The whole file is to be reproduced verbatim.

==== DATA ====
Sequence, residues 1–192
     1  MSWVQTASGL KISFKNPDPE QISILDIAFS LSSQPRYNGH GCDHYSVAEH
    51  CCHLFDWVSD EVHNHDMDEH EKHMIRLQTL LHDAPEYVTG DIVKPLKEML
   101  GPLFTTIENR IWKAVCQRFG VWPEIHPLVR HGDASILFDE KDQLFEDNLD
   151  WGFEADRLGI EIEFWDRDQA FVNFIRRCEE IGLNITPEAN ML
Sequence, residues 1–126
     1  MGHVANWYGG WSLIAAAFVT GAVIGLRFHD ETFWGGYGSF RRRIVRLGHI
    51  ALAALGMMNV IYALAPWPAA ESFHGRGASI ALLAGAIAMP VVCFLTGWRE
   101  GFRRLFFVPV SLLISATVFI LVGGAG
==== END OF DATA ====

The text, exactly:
Sequence, residues 1–192
     1  MSWVQTASGL KISFKNPDPE QISILDIAFS LSSQPRYNGH GCDHYSVAEH
    51  CCHLFDWVSD EVHNHDMDEH EKHMIRLQTL LHDAPEYVTG DIVKPLKEML
   101  GPLFTTIENR IWKAVCQRFG VWPEIHPLVR HGDASILFDE KDQLFEDNLD
   151  WGFEADRLGI EIEFWDRDQA FVNFIRRCEE IGLNITPEAN ML
Sequence, residues 1–126
     1  MGHVANWYGG WSLIAAAFVT GAVIGLRFHD ETFWGGYGSF RRRIVRLGHI
    51  ALAALGMMNV IYALAPWPAA ESFHGRGASI ALLAGAIAMP VVCFLTGWRE
   101  GFRRLFFVPV SLLISATVFI LVGGAG